How the Tropicalia festival in Long Beach reflects Latino music across Southern California
At first glance, the lineup for the Tropicalia Music and Taco Festival looks like hodgepodge of bands representing all sorts of genres that don’t really belong on the same stage.
The Nov. 11 festival at the Queen Mary in Long Beach features Los Tigres Del Norte, the reigning group in norteño music — a genre of Mexican music driven by polka beats and corridos (ballads about drug trafficking) — as the headliner. Also high on the lineup are Colombian pop singer Kali Uchis, who has worked with producer and rapper Tyler the Creator to hone her pop-soul sound, and Chicano Batman, the Los Angeles-based outfit who sport ’70s-style tuxedos as they perform feel-good music that blends romantic pop with Brazilian Tropicalia and ’70s psychedelic soul with a bit of James Brown spirit.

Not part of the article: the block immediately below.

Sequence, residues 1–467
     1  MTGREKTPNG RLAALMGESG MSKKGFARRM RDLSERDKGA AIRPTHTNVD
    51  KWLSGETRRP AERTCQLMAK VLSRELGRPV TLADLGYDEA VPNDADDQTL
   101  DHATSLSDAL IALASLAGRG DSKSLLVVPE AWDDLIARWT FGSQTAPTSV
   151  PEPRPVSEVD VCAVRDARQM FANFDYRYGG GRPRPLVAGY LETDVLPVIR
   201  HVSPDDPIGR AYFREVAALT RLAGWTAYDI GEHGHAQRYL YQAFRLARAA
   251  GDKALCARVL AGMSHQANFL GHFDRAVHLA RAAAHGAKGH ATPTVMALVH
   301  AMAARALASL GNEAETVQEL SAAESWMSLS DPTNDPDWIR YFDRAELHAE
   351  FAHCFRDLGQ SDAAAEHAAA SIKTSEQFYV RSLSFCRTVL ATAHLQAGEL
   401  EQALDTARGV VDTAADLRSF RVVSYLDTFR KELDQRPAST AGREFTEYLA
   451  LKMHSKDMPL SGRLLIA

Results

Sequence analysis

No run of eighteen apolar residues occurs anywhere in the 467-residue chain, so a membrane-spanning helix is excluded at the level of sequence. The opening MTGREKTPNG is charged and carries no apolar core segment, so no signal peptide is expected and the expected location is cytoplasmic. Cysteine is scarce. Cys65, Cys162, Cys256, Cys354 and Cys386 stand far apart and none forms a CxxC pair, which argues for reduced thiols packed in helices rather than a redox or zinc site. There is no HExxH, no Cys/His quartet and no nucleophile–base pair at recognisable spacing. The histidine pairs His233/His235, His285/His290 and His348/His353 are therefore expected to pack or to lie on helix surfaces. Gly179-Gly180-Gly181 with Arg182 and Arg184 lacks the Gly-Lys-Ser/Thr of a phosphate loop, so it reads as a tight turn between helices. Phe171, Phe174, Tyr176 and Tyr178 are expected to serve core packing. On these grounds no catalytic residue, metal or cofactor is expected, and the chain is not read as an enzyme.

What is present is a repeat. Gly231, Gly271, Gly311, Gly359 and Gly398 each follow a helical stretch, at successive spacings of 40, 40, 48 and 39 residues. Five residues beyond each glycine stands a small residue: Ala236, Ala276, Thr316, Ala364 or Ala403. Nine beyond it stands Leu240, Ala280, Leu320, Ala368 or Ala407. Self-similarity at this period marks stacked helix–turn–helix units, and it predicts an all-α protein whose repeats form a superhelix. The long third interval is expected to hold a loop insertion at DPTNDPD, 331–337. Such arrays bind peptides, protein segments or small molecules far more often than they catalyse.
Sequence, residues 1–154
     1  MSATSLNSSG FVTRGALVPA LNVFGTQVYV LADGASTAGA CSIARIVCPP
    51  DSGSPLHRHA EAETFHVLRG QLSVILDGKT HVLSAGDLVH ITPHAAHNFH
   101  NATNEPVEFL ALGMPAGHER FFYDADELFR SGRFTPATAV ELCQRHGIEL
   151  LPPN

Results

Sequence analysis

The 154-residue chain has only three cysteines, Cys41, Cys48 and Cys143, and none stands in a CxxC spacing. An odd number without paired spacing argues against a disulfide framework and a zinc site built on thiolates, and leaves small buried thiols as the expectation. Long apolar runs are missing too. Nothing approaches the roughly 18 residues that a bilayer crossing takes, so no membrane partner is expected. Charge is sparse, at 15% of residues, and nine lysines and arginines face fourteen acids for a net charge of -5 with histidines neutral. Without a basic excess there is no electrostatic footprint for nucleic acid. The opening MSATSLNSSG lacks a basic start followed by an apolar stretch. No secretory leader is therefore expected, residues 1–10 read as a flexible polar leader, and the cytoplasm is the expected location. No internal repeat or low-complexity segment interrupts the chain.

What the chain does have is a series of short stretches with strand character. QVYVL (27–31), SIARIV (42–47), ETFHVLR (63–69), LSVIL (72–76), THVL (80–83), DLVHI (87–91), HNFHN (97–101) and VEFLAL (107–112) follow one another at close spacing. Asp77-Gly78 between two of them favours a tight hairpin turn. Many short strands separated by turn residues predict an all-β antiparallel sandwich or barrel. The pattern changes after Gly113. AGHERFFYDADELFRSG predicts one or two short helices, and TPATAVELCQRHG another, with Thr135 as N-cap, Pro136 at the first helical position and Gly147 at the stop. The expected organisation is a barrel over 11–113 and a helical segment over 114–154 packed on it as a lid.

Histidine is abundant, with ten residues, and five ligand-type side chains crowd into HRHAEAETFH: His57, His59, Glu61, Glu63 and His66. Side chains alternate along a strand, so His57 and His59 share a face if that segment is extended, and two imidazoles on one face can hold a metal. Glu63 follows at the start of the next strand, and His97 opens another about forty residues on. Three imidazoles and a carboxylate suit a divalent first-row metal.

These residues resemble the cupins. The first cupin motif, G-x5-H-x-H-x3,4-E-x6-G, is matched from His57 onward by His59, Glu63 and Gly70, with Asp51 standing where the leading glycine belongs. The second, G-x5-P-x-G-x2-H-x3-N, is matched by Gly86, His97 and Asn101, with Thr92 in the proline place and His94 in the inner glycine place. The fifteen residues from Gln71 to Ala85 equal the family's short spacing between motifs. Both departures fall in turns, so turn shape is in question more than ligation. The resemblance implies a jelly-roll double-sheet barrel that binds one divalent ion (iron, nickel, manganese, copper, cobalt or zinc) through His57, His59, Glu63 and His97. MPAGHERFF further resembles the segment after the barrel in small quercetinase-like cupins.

Nearly 50 other acts performing could fill nearly every genre in a record store. There’s reggaeton, ’60s soul, rockabilly, surf, punk, rap, hip-hop, electronic dance music, cumbia and even an accordionist who squeezes tropical sounds mixed with ska, reggae, hip-hop and R&B out of his instrument.
Yes, it’s all over the place, but as far as the musicians are concerned, it all makes perfect sense.
“I think it’s awesome. I think it celebrates being a Latino fan of music. It’s like a playlist of what I’ve been listening to my whole life” said Chicano Batman guitarist Carlos Arevalo.
The band is riding high off performances at FYF Fest and the Coachella Valley Music and Arts Festival this year following the release of its latest album “Freedom Is Free.”
Growing up in Rialto, Arevalo was immersed in all kinds of music, from cumbia to rock to punk and soul, all of which is on the bill for Tropicalia.
“I feel like it’s a musical history of Latino L.A., or just L.A. […]